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All other entries were obtained from the krishna.com glossary.

Vedic Sanskrit Glossary - Y -

Yādava dynastysee: Yadu dynasty below.

Yādava — a name for the Supreme Personality of Godhead meaning “He who appears in the Yadu dynasty.”

Yadavadri — town of Melkot in South India.

Yādavas — (Yadus) The royal dynasty led by Kṛṣṇa in Mathurā and Dvārakā, descended from the ancient King Yadu, son of Yayāti. The dynasty included hundreds of thousands of valiant warriors and princes, all fully devoted to Kṛṣṇa.

Yādavendra — Kṛṣṇa, “Lord of the Yādavas.”

Yadu (Yādava) dynasty — the dynasty in which Lord Kṛṣṇa appeared.

 Yadu dynasty — The dynasty in which Lord Kṛṣṇa appeared.

Yadu — one of the sons of King Yayāti. He was the founder of the Yadu dynasty.

Yadu — One of the five sons of Yayāti and the forefather of the Yadu dynasty.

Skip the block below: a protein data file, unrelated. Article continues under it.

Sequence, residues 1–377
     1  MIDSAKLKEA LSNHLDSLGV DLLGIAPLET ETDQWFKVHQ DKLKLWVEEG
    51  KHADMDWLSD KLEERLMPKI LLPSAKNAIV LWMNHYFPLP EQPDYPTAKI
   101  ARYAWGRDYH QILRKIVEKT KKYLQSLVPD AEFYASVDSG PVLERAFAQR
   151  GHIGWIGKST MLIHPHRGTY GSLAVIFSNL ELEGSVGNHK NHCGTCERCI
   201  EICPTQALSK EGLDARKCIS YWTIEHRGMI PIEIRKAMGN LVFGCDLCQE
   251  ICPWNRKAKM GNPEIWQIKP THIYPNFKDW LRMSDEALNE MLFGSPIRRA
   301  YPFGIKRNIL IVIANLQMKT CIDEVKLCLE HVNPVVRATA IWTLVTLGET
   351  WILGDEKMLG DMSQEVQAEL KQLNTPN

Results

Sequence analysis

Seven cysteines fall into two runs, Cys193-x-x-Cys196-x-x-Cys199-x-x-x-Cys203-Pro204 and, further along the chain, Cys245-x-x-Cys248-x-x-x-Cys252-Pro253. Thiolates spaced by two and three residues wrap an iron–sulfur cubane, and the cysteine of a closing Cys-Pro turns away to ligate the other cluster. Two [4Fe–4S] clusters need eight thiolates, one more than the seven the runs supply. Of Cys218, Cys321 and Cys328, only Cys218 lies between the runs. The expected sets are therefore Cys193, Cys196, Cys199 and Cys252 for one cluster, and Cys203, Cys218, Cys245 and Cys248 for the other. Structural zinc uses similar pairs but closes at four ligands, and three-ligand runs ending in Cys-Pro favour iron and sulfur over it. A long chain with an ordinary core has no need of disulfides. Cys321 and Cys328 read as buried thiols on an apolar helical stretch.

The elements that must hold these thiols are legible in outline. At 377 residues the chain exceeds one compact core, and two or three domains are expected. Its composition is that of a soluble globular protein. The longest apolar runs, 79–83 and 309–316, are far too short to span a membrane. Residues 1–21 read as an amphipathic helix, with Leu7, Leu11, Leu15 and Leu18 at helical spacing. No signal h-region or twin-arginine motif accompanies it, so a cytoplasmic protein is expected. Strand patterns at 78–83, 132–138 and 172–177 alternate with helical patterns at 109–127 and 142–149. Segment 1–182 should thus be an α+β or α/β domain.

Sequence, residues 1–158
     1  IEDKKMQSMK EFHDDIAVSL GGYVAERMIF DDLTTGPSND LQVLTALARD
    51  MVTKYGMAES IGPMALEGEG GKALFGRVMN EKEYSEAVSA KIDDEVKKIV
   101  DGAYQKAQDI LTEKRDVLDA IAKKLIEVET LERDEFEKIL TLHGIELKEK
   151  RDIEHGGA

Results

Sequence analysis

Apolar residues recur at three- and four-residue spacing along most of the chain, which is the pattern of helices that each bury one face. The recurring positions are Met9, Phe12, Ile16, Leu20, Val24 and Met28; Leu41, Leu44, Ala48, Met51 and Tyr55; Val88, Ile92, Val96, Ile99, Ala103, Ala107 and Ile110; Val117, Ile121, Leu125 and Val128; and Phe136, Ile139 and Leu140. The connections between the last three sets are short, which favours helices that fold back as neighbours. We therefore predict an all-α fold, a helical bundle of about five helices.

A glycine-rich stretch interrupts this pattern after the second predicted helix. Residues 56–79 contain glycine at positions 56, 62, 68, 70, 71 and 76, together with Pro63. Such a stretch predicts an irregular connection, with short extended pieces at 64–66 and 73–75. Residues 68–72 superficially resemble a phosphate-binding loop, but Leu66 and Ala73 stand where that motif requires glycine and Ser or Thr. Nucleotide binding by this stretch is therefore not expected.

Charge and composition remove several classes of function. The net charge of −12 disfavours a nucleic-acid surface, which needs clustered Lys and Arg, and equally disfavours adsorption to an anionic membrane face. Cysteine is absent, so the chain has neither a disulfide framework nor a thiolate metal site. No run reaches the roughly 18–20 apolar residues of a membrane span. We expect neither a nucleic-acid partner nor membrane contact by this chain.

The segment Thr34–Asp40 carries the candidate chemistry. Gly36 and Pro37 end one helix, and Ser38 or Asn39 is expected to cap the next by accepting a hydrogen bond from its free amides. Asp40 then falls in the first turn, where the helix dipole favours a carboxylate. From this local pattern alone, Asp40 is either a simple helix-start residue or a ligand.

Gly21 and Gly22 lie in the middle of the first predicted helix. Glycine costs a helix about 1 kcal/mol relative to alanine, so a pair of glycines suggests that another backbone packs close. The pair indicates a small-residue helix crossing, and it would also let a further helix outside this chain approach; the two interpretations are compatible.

Yadu-kumāra — Kṛṣṇa as the young darling of the Yadus in Mathurā and Dvārakā.

Yadupati — the name of Kṛṣṇa meaning “King of the Yadu dynasty.”

Yadus — the descendants of Yadu.

 Yadus — See Yādavas.

yadvā-tadvā kavi — one who writes poetry without proper knowledge.

yajamānas — those for whom a priest executes sacrifices.

yajana — the duty of a brāhmaṇa to perform Vedic rituals.

yaj˝a — a Vedic sacrifice; also, a name for the Supreme Lord meaning “the personification of sacrifice”; the goal and enjoyer of all sacrifices.

yaj˝a — Vedic sacrifice, or any work done for the pleasure of the Supreme Lord Viṣṇu.

yaj˝a-puruṣa — the supreme enjoyer of all sacrifices.

Yaj˝eśvara — an epithet of Kṛṣṇa, “Lord of sacrifice.”

Yaj˝eśvara — The Supreme Lord appearing as “the Lord of sacrifice.”

Yajur Veda — one of the four Vedas, the original revealed scriptures spoken by the Lord Himself. It extensively describes various medical procedures.

Yakṣa — ghostly followers of the demigod Kuvera, the treasurer of the demigods. They were born from the feet of Lord Brahmā.

Yakṣas — A militant class of celestial beings, obedient to the treasurer of the demigods, Kuvera. Although frequently grouped with the man-eating Rākṣasas, they are also called the puṇya-janas ( “righteous persons”).

yama — the process of controlling the senses.

Yama — (-rāja) The judge of sinful persons at death.